Asking the right questions

What do you think?

What do you think?

I’ve been looking for a possible mobile application for in-service and pre-service teachers to connect to each other and to other social media tools. I thought that it would be really useful for teachers to start using blogs, photo sharing, social bookmarking etc a network with other professionals as part of their tertiary training. Last week my grand plan came to sticky end. I asked the question – “Is Twitter or Facebook the way to go” on Twitter and Facebook. Sadly the only feedback I received was….silence.

It felt a bit like my DJ days, wondering if anyone was listening to me on my Sunday evening slot on community radio. After waiting for 24 hours (and checking to see if people were reading (bit.ly assured me they were), I concluded that
1) Friends and followers couldn’t care
2) They did not feel that they were able to answer
3) I was asking the wrong question.

If you can’t access the Internet on your phone (or don’t see the need), then asking what application to choose from is a silly question. Yes, cell phones are more pervasive ICTS in KZN schools (even doing better than the telephone), but it’s not automatic that teachers make use of the features built into most modern phones. I suffer from this common problem. I try to run when all I should be doing is crawling.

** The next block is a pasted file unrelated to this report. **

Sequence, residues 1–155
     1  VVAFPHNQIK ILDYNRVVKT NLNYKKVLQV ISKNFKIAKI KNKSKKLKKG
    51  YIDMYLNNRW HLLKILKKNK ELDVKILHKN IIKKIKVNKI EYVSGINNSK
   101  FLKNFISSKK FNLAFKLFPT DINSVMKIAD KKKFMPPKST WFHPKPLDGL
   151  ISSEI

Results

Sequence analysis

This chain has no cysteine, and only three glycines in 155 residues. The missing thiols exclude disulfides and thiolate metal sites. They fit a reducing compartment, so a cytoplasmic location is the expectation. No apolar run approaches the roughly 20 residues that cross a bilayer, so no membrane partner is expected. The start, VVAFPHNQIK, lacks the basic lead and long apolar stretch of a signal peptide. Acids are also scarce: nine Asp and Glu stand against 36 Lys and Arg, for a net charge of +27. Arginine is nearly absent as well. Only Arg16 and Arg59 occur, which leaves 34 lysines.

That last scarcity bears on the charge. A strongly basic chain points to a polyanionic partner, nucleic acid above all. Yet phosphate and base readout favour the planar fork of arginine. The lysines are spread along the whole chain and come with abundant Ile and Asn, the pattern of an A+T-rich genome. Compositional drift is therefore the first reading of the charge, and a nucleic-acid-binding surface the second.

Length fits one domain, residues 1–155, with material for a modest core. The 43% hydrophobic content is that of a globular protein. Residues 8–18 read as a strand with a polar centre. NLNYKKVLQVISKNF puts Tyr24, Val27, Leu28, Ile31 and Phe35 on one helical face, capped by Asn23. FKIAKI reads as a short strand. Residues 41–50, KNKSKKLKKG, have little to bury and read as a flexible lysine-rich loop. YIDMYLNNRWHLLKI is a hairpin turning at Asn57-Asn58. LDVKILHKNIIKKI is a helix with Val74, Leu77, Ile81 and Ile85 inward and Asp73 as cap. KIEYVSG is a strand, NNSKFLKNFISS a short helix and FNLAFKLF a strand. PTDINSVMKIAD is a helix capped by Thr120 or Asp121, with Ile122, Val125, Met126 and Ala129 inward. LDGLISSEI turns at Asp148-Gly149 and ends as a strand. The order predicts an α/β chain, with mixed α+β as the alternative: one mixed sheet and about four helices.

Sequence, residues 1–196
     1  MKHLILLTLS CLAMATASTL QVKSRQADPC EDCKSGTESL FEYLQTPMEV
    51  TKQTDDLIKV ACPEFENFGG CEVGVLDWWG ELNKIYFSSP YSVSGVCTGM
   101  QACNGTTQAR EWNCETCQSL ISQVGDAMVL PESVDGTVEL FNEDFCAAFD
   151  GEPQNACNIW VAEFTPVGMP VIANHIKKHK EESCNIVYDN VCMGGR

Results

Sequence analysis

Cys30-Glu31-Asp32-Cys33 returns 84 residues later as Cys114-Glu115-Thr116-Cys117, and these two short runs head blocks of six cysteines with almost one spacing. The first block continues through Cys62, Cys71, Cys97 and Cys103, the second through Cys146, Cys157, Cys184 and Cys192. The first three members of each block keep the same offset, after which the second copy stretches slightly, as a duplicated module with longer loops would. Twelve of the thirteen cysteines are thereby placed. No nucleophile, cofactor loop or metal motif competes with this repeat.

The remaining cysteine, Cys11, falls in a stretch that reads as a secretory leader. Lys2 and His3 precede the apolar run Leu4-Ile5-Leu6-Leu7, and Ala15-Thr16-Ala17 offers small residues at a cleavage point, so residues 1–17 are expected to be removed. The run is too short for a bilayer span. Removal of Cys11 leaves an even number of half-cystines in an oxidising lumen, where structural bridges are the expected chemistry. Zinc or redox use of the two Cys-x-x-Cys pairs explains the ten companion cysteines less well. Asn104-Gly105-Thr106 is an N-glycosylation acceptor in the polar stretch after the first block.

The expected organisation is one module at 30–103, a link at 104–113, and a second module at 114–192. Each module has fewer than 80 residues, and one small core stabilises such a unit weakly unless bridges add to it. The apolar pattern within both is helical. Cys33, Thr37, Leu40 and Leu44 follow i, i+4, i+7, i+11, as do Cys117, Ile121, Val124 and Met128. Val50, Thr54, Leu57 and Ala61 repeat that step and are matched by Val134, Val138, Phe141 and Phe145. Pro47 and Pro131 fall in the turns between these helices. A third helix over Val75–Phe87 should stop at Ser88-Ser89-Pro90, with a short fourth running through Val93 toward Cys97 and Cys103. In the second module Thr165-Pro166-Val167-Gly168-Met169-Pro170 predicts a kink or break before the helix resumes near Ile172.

Take me (for example). Until a month ago, my dinosaur (inherited from my sister in law) sat in my top drawer waiting to be charged. My R50 pay as you go account that I added two years ago has not been renewed. When SMSing, I take me 10 mins or longer (predictive text does not work on my phone). Getting mobile has challenged my technological skills. Clearly, it’s taken a long time to master this technology, and I’m using the word master very loosley.

Teachers might be in a similar position. But I fon’t know. Optimistically I’m going to assume that I received no answer to my question was because of Option 2 and 3. Yes, I was asking the wrong question. And not too many of my Friends and followers are pre-service or in-service teachers. So, let’s rephrase our enquiry. Instead of getting excited about the 50 million active cell phones in the country or the 34 million users. Let’s see if we can find out about their tech skills.

If you are a teacher or going to be a teacher, please answer this questionnaire regarding mobile phone usage. It’s short and pretty anonomous. And I’ll feel a little less like a sad DJ talking to himself on a Sunday evening.